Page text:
I once drove into a cemetery to attend a funeral and was greeted by a lopsided, handmade sign with scrawled words in black paint: NO ARTIFICAL FLOWERS! Sounding out the misspelling in my mind – “arti-fickle” – brought the giggles during what was supposed to be a solemn memorializing of someone’s life. I admit it. I’m a spelling snob. And a fake flowers snob – well, as memorials anyway. I have lots of fake flowers in my home since I am poor at remembering to water real plants. Fake ones don’t have to be remembered. And that’s my point. Fake flowers as memorials make no sense. Why bother putting a memorial that can be forgotten. So while I made fun of the sign, I am in sympathy with its intent. No ARTIFICAL flowers at my gravesite, please. And that’s the promise I gave my mother, now extended to my husband.
Perhaps our culture is more comfortable with memorials that can be forgotten. We don’t embrace sacrifice easily – well, who does? – maybe it’s that we don’t accept the NEED to sacrifice as part of life. And we don’t welcome having to remember the reality of suffering and death. Much better to keep the remembering to a minimum at least. Bring out the hotdogs! Run cars fast in a circle! Have another drink! Open the pool! Those rituals affirm life. They are much more fun! Such good distractions from hardship and struggle.
Yet remembering death and sacrifice affirms life as well. Clean up a grave. Send a package to a soldier. Visit a battle site. Share memories of loved ones who have died. Make a new ritual of remembrance that will serve to balance our memorializing – because all lives matter, because history deserves our attention.
Athos and I pulled grass from the myrtle at my mother’s grave last evening. Well, he chased birds as far as his leash would allow. I pulled weeds. Someone had gotten most of the mess out before I got there. Whoever that was – thank you. The last two years of shoulder surgeries for me and of Ron’s stroke and debilitation made my grave tending virtually nil. It felt good to be doing the work again. Ron’s grave with no headstone or plantings looked so bare, so fresh a wound in the earth, and in my heart. Somehow the veterans missed him, so not even a flag to commemorate his service. But I remember his life of sacrifice and duty. And that counts. Next I must plan how to memorialize his amazing life in the headstone we design.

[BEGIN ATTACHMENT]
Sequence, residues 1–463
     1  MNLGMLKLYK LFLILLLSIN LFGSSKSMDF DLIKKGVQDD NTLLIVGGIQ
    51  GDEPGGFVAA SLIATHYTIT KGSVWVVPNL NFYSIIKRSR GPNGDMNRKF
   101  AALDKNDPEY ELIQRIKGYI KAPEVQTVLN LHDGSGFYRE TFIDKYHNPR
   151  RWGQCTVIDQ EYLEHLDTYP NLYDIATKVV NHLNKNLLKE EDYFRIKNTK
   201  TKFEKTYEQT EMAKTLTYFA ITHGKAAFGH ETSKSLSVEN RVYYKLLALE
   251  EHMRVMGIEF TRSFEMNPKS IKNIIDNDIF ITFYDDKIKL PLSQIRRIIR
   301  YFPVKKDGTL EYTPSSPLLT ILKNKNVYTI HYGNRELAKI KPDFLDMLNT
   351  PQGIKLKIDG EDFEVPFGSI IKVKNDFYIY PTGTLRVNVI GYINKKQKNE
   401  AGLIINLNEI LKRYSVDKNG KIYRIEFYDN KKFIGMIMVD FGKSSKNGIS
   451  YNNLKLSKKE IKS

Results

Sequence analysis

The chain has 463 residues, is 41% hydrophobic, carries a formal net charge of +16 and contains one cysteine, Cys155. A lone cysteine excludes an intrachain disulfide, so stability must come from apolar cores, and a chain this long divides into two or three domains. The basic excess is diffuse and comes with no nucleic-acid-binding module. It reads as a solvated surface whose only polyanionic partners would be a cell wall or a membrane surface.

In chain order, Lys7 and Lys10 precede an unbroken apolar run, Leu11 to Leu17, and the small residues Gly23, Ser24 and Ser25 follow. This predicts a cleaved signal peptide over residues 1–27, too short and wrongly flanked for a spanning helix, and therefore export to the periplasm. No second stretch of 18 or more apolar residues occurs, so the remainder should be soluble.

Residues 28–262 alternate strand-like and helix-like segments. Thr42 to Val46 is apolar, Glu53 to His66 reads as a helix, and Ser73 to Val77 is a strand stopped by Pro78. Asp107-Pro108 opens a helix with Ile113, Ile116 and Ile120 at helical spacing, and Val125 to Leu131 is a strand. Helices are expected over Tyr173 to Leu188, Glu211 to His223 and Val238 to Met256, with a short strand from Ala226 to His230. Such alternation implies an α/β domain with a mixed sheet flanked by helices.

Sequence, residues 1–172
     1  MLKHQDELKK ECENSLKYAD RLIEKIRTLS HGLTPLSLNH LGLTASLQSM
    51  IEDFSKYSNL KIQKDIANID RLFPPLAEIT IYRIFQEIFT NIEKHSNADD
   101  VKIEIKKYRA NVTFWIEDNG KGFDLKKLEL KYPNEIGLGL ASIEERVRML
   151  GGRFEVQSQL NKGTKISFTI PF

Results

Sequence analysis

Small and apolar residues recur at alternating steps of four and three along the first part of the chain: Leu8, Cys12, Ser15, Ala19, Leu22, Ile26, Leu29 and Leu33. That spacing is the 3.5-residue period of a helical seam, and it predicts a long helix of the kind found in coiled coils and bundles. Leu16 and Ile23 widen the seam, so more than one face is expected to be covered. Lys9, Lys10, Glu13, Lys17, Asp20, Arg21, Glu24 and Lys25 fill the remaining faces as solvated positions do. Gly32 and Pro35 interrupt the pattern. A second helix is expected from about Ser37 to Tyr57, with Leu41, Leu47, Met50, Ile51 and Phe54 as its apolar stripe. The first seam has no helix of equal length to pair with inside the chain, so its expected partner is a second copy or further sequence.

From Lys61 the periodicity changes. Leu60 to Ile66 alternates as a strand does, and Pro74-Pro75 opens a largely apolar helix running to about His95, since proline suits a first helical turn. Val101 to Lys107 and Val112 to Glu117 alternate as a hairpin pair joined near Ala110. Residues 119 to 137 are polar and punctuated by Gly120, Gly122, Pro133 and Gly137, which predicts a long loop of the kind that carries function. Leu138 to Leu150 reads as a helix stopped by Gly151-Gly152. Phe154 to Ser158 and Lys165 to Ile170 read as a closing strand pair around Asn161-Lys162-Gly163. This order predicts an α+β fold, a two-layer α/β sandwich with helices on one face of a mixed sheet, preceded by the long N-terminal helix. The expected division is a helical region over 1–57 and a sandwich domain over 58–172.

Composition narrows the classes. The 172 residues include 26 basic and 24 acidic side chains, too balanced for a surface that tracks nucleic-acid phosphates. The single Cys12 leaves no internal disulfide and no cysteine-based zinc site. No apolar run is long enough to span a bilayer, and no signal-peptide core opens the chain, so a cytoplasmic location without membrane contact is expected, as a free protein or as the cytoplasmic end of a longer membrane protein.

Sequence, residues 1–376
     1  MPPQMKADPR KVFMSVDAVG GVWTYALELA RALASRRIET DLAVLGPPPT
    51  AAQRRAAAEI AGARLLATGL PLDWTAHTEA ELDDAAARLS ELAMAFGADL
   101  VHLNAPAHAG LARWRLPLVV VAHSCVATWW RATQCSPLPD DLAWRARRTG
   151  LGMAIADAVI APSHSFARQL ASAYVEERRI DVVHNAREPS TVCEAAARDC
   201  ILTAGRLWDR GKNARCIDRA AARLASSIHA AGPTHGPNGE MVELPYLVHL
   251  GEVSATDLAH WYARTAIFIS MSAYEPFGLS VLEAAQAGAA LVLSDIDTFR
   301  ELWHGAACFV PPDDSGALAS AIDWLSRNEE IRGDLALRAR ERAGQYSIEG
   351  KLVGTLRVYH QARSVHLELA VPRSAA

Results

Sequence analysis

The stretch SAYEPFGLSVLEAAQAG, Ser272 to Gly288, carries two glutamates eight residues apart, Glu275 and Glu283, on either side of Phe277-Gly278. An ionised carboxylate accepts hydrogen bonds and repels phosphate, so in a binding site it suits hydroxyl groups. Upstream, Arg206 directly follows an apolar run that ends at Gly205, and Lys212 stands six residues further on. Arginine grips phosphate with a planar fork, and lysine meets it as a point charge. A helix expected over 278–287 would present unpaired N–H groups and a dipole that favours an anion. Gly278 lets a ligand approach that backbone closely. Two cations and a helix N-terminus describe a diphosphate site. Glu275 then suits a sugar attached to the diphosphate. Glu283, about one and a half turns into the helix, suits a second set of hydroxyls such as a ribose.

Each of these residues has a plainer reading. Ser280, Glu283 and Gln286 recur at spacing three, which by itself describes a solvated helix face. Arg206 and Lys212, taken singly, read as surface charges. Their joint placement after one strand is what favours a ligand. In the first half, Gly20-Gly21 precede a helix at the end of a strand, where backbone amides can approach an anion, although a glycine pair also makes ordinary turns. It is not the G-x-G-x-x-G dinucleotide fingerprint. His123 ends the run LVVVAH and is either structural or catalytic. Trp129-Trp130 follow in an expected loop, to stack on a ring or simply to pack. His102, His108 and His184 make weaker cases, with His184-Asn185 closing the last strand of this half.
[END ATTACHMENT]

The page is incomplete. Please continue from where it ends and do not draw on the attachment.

Of course, he would not choose to make a fuss. Something simple, tasteful, if I must do anything at all. And I must. Remembering is good. Those of us still tethered in this life need to remember that the tether is temporary, that others have broken free and we will too, that we make memorials for ourselves so that we will not forget the preciousness of life – our own and everyone else’s. And then we can enjoy the hotdogs, cheer on the fast cars, raise a toast, and dive into good times with full abandon because we have taken the time to recognize how brief and uncertain is this gift of life.
Athos and I went to Dairy Queen for an ice cream treat once our cemetery duty was done. A new ritual we may include in our annual Memorial Day ceremonies. Maybe even oftener. Grass has to be remembered and pulled more frequently than once a year. No ARTIFICAL turf for us.